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I know that it is still too early for many of you to feel that we’ve reached a time of opening up. Here in France we are into yet another “confinement” and can only travel up to 10 km from home and there’s a curfew every night. But this is Spring here in the Charente and as I look around my garden I see “opening up” everywhere I look.
The trees and flowers have buds starting to unfurl. I see the green protective covers begin to peel back and show me hints of the glorious colours of the petals and blossoms which are about to emerge.


Life doesn’t progress along neat straight lines. It’s not “linear”, and it’s not exact. In fact, Life is so diverse that the changes around me occur at different rates all the time. The plants go through their various stages of seasonal cycles in their own time. The plum tree blossom has gone now, the cherry tree blossom is carpeting the grass every time there is a breeze, but the mulberry tree is only showing its first hints of the leaves to come. The Spring daffodils and tulips are all but past however the irises, the poppies and the tree paeonies are only about to reveal their beautiful flowers.


Wherever you live in the world there will be seasonal changes going on around you which are a bit different from the ones I see around me. Life is varied and diverse, and whilst all Life shares a tendency to “becoming” over “being”, the evidence is always contextual. It all depends on the circumstances and the local environment.
I think we humans are like this too. Yes, you can see broad, sweeping life stages in every individual, from birth to childhood, through adulthood and into mature, old age. But we don’t all develop at the same rate or in the same way. And we don’t progress mechanically as if we are working our way square by square around a board game.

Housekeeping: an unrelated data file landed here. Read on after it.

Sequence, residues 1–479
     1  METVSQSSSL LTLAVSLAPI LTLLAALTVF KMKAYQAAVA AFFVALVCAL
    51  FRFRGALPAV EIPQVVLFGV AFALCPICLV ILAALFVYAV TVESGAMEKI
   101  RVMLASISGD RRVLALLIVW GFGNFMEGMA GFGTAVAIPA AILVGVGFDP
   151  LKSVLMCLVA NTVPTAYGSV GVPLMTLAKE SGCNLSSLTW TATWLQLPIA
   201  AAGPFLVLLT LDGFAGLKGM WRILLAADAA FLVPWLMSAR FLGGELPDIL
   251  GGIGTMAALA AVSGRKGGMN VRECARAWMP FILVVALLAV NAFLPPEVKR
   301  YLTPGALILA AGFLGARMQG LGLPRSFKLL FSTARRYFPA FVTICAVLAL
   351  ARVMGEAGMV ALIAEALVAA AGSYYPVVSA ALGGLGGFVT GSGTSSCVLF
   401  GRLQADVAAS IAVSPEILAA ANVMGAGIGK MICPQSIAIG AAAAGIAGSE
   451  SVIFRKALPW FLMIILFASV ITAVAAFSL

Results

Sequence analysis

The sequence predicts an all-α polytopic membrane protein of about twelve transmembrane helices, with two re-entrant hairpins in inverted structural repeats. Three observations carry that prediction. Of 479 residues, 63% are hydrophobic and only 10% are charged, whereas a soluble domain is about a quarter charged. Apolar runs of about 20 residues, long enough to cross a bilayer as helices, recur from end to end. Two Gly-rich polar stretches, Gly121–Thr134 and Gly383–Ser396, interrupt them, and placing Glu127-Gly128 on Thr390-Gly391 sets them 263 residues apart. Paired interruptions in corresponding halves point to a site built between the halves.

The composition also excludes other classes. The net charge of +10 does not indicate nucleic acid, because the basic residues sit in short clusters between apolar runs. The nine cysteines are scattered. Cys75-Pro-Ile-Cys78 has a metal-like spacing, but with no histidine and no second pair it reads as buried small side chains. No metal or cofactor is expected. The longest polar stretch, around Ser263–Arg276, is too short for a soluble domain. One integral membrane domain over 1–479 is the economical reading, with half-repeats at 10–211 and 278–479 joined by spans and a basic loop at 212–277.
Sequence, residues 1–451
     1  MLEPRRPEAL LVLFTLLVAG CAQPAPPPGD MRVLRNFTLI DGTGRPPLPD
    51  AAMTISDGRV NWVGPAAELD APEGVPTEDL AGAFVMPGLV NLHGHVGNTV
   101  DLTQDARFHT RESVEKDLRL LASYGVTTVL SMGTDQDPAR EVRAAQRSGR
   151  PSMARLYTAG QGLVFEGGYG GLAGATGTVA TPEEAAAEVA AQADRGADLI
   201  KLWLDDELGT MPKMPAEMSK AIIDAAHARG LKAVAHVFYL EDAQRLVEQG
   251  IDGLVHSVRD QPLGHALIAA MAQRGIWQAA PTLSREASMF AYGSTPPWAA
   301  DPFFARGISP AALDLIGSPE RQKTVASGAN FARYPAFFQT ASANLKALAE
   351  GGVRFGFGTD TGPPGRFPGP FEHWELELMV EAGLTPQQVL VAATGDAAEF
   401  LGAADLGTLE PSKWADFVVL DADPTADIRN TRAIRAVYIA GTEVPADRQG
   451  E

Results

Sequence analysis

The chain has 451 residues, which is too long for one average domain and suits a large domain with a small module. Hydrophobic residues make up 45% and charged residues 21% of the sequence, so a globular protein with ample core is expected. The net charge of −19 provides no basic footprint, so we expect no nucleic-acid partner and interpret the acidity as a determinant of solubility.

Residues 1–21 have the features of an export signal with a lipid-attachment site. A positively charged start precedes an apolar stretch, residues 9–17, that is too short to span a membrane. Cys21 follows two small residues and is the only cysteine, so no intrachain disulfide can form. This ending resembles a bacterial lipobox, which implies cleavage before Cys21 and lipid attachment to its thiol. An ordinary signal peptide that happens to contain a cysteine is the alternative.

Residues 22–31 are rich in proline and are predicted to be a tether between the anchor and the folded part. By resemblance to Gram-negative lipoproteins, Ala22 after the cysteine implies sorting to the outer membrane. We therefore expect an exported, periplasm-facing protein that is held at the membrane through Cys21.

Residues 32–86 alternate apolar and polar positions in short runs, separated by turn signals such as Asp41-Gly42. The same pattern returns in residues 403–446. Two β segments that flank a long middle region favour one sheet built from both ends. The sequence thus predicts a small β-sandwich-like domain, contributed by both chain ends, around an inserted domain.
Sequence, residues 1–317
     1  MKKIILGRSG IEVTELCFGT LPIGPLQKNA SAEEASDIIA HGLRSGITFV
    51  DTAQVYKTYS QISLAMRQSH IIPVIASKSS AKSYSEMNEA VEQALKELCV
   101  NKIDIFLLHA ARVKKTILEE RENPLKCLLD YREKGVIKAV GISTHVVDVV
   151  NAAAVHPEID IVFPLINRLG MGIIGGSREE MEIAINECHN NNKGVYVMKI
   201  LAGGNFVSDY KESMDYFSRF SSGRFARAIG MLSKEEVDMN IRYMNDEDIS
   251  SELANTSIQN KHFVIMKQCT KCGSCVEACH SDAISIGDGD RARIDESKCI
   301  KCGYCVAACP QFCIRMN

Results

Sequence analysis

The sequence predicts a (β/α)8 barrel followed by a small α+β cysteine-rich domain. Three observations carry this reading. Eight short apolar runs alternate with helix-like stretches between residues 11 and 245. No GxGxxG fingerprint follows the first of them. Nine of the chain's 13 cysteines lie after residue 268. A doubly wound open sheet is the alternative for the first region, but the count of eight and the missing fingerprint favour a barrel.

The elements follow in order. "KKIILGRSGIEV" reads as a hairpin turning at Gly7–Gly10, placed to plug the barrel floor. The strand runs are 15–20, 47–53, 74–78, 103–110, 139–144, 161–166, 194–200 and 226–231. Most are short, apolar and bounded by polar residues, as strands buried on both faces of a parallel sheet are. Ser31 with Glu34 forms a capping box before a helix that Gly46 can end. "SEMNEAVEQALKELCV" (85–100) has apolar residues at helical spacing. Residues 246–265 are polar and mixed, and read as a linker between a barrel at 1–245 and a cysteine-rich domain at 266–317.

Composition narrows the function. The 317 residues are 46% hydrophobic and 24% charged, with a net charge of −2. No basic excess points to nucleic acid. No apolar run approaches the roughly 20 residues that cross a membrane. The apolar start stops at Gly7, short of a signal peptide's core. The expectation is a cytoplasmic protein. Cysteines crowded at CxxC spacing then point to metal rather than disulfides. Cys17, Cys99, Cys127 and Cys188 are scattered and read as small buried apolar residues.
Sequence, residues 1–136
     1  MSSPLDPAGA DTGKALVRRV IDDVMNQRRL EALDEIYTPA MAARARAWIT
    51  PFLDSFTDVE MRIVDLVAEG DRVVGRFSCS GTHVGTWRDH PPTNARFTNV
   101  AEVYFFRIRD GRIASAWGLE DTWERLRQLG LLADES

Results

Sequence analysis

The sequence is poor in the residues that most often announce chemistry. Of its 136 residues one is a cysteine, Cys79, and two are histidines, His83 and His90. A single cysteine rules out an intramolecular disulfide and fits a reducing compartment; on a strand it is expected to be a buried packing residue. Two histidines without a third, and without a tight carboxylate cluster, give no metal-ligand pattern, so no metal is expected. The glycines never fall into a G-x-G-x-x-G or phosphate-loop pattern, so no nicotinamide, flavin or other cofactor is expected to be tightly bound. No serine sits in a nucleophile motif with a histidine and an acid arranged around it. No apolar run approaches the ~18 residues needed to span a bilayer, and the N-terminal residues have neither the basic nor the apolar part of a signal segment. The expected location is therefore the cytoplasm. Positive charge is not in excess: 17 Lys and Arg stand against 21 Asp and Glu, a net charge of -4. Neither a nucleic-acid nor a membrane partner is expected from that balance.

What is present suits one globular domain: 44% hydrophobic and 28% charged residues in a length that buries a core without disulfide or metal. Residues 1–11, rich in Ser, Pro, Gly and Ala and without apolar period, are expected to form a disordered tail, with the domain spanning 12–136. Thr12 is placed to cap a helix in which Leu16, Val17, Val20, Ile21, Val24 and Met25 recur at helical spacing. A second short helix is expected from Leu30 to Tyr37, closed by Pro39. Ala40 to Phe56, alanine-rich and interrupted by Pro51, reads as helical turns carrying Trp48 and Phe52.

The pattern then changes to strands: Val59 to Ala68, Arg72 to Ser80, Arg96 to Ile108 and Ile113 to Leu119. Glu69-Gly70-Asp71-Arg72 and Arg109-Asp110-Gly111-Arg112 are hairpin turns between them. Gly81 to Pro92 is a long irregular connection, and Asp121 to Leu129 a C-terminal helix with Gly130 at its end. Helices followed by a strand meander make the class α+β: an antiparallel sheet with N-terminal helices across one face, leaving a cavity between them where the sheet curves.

We leap forward, retreat, hit setbacks, meet challenges, stumble across opportunities. We build support and networks of relationships. We connect, and we disconnect. There really are an infinity of paths and an infinite diversity of life stories. No two of us are identical.

But this “opening up” that I see in today’s image, is an essential part of being human. We don’t grow if we don’t open up.

For the second half of my career I worked in a specialist centre for people with chronic illnesses. When someone has suffered for a long time they are often in a state of closing down, of separating themselves out from the world, and of building more walls in the hope of some security and safety. They are often exhausted and lack the ability to take even small steps forward. For all those reasons, our hospital was built around a garden which was like a small, abundant, natural, cloister, where we could wander, sit, wonder and talk together……the patients and the staff. Time and time again we’d see how this enabled people to re-connect, to break out from the closed, separated, fearful places they had retreated into, and begin to notice the plants, the seasons, the birds, the fox and the squirrels, to begin to be heard, to begin to feel cared for.

This process of healing required a coming together of “opening up”. The opening of the hearts and minds of the carers, who paid attention, and listened without judgement. And the opening of the hearts and minds of the patients who could begin to feel safe, to feel hope, and begin to get in touch with Life’s flow of energy again.
Wherever we are in life, whatever stage we have reached, we all need to open up in order to grow. We need to find the right circumstances, the fertile ground, the caring, loving connections between ourselves and the rest of this world……other people, other creatures, “Gaia”, herself…..in order to flourish, in order to become fully what we can become.

Even in the midst of these difficult times if you look around you will see signs of opening up…..in hearts, minds, bodies…..in communities, relationships, in plants and other creatures.
I think it helps to look out for those signs of opening up. It gives us hope and courage, and without those, then what?

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I think this is one of the most remarkable trees I ever saw. I don’t know what the story is here. I don’t know if the original trunk was damaged, became diseased, or was deliberately cut down by some people. But what you can see here is the remaining stump of the tree, surrounded by new growth on all sides. So it’s like a ring of trees around the original one. I can’t prove it but I bet these are not separate trees at all. As best I understand what happens in situations like this, all of this growth stems from the one plant. It is, in fact, one tree, with several trunks.
This image sparks off two trains of thought for me.